These landing pages require some build-out, so start today. Remember to keep landing page copy brief and value-focused. Again, the Grammar Chic team can help!

Spruce Up Your Website

Hopefully, this marketing activity will result in a big traffic spike—so make sure your website looks its best. Some quick tips:

  • Audit your site for accessibility issues, such as broken links, and make the necessary repairs.
  • Run some speed tests to be sure your site loads quickly across all platforms and devices.
  • Look for any content opportunities—for instance, product guides or tutorials, tied to the products you’re promoting this holiday season.

Create Marketing Collateral

One more thing you can start doing today to prepare for holiday shoppers: Develop the creative materials you’ll require for seasonal promotions. We mentioned marketing emails already, but also consider product- or offer-specific blog posts, video guides, Web content additions, graphics, banners, and more.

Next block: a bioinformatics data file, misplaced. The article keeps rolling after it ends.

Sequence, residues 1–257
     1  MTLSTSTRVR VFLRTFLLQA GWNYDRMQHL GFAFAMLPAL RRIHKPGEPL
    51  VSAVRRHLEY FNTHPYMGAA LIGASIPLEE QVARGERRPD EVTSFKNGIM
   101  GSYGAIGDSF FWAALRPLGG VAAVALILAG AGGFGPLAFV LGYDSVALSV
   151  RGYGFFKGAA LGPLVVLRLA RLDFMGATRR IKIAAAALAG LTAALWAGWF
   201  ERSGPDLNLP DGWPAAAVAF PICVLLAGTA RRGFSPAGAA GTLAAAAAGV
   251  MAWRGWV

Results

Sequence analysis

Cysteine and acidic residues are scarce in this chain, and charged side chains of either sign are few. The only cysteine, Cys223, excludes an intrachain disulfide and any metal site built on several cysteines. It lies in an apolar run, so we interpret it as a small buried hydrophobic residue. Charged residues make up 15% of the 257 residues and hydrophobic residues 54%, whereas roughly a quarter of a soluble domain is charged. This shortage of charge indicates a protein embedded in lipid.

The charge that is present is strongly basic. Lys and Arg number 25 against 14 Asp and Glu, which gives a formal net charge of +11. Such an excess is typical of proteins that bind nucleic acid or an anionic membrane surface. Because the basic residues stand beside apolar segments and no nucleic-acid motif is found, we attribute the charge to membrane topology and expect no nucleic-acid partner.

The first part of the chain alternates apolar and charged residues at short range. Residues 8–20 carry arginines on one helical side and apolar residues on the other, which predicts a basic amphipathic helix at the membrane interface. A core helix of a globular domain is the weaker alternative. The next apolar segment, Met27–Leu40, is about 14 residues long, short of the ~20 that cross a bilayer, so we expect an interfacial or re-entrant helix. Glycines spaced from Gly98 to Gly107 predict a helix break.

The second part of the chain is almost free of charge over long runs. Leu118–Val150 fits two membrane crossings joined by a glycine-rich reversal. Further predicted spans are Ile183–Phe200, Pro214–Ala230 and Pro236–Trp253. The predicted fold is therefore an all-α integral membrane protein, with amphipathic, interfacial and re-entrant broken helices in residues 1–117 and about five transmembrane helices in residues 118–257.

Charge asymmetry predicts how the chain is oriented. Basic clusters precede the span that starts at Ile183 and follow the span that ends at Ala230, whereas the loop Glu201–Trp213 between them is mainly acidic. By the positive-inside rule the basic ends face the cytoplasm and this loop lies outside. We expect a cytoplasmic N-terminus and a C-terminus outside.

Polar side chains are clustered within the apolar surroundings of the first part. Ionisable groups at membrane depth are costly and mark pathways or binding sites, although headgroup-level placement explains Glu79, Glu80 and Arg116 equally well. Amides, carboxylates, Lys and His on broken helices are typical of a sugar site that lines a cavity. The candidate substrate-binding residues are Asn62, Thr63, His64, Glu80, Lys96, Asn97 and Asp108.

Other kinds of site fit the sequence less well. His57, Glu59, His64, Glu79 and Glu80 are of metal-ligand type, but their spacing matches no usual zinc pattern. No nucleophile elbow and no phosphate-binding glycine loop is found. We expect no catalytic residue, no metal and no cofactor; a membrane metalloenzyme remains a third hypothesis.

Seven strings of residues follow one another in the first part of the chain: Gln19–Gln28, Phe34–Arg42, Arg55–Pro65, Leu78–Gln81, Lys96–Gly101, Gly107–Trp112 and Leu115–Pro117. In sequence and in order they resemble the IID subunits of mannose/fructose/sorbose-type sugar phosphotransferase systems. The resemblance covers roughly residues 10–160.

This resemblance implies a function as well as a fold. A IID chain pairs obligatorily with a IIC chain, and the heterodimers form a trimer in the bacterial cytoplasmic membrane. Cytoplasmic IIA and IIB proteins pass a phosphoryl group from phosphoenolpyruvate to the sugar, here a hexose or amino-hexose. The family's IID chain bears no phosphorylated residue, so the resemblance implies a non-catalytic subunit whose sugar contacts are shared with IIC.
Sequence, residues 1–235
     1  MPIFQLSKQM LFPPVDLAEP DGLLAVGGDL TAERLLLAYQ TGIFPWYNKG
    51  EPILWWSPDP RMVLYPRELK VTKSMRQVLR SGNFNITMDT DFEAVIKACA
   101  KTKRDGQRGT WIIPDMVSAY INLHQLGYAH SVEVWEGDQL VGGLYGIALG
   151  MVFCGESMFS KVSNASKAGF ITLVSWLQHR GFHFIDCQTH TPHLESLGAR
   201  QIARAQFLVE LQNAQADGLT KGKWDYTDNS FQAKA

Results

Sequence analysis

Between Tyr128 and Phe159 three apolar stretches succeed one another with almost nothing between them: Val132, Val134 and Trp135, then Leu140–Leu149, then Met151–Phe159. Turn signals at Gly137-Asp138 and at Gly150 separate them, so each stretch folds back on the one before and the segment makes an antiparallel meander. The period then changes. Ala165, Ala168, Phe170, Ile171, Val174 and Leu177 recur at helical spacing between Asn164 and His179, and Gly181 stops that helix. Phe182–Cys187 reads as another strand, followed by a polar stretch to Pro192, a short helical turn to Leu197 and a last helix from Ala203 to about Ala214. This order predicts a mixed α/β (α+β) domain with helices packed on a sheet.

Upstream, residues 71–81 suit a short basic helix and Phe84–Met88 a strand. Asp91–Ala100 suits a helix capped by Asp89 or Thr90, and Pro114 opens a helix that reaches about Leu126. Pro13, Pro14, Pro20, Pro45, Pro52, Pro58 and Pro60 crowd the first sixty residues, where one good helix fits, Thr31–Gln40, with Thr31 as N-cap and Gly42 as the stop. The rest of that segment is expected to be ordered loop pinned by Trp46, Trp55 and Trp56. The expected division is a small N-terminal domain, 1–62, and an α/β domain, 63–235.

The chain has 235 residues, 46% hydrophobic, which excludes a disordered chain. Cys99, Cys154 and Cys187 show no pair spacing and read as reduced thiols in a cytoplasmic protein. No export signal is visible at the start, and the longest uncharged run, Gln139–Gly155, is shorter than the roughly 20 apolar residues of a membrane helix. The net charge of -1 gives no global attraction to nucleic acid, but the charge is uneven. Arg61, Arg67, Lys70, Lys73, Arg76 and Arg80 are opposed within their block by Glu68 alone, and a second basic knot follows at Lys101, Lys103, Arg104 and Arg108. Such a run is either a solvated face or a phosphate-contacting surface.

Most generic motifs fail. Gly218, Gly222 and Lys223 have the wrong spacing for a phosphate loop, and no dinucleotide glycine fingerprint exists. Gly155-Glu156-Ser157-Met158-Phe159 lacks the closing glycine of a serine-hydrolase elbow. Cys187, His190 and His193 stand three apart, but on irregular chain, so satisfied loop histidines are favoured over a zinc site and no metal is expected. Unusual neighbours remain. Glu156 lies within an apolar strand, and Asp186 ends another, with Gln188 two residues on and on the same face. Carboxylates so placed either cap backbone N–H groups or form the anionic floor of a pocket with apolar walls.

The time to start preparing for a successful holiday marketing campaign is now—and our team can help. Ask us more about our expertise in developing marketing emails, blog posts, landing pages, and beyond. Contact Grammar Chic, Inc. at 803-831-7444 or www.grammarchic.net.

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5 Factors That Give Your Website Credibility

Your website provides customers with a peek into the kind of business you run—its reputation, its trustworthiness, and its basic value proposition. In other words, your website hints at how credible your company is, and whether or not customers should trust it with their time and money.

Just think for a minute: There are plenty of legitimate businesses on the Web, but also some sketchy ones. Potential customers aren’t going to bank on your business unless they see that it’s the real deal—not something shady or unscrupulous.